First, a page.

Then from January 1981 to April 1990 the value of the minimum wage was frozen at $3.35 an hour, the longest period without an adjustment in the wage floor.  As a result, the minimum wage eroded markedly in value.

Two series of minimum wage increases took effect in the 1990s, the first of which was signed into law by the senior President Bush.  These served to restore some of the lost value of the minimum wage.  But the last of that series of increases took effect in September 1997, when the federal minimum was raised to its current level of $5.15 an hour.

Minimum Wage has Remained the Same While the Cost of Living Has Risen

One standard for assessing the value of the minimum wage is to track its buying power; that is, to adjust its value to take into account changes in the cost of living.  Each year that Congress fails to raise the wage floor and that the cost-of-living rises, the purchasing power of the minimum wage erodes.  Thus, the fact that the minimum wage has remained the same for nine years means that its real value has declined considerably over this period.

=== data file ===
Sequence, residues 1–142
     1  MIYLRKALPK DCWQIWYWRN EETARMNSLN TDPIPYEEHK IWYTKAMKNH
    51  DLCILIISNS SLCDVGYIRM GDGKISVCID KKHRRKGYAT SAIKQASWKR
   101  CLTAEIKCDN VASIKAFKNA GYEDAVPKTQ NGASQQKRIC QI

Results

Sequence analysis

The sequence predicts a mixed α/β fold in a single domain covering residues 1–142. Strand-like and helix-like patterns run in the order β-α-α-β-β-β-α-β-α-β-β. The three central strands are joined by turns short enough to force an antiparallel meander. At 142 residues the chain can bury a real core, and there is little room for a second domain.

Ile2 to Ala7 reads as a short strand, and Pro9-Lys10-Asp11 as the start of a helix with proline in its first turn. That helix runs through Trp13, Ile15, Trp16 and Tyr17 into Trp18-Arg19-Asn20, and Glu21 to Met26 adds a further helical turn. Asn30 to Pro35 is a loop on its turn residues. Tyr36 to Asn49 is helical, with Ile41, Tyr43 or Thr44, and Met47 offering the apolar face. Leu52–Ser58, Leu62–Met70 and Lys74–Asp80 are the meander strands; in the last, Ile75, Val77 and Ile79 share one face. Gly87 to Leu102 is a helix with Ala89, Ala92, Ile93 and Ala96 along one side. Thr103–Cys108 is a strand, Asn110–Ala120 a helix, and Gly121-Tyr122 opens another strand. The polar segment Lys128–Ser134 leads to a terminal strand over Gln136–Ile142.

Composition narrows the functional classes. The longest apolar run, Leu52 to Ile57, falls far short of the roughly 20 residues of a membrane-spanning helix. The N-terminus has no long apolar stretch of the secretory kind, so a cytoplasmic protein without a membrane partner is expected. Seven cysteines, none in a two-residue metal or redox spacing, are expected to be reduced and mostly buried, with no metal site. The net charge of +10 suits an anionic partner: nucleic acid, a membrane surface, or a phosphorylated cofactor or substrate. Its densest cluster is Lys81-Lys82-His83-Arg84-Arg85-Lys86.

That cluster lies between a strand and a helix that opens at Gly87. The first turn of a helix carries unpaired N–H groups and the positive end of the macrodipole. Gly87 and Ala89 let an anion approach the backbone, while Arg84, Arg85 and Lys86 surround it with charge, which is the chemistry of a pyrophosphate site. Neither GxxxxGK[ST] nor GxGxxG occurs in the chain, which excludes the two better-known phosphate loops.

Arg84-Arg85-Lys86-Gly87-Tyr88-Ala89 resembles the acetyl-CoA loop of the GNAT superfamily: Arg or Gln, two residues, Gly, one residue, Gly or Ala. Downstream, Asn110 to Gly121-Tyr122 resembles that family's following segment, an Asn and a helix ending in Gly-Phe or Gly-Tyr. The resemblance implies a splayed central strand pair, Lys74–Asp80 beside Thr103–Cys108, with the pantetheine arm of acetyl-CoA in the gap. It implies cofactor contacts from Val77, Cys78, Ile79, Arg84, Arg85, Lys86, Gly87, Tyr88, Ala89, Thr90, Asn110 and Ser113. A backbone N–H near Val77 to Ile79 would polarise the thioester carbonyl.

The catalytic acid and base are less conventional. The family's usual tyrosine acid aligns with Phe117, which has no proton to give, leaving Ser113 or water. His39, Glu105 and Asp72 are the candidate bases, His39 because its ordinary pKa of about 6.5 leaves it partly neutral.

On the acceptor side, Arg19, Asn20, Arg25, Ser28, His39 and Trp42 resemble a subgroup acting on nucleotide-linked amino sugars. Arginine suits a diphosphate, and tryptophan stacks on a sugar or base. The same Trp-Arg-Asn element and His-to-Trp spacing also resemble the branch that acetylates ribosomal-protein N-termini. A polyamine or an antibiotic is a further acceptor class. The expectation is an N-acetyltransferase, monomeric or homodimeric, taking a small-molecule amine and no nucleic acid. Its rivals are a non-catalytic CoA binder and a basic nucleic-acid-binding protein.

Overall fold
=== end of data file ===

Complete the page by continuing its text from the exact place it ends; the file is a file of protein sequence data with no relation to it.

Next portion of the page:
• The real value of the minimum wage peaked in 1968, when it was equivalent to a wage of $7.73 an hour.[2]  During the 1970s, the wage floor averaged $6.92 an hour in today’s dollars.

  • Since September 1, 1997, the overall inflation rate has increased by 26 percent.  The costs of certain necessities have risen even more sharply.  A gallon of gas costs more than twice as much as it did nine years ago; the cost of medical care increased by 43 percent.  (See Table 1.)

  • Once an adjustment for inflation is taken into account, the purchasing power of the minimum wage has now declined to its lowest level since 1955.  (See Figure 1 and Table 2.)

Table 1:
Changes in Cost-of-living and the Minimum Wage Since September 1997

Overall inflation

          26%

Food

          23%

Housing

          29%

Medical care

          43%

Child care and nursery school

          52%

Educational books and supplies

          61%

Gasoline, unleaded regular

        134%

 

 

Minimum wage

            0%

Source: Bureau of Labor Statistics

Minimum Wage has Fallen Far Below the Wages of Other Workers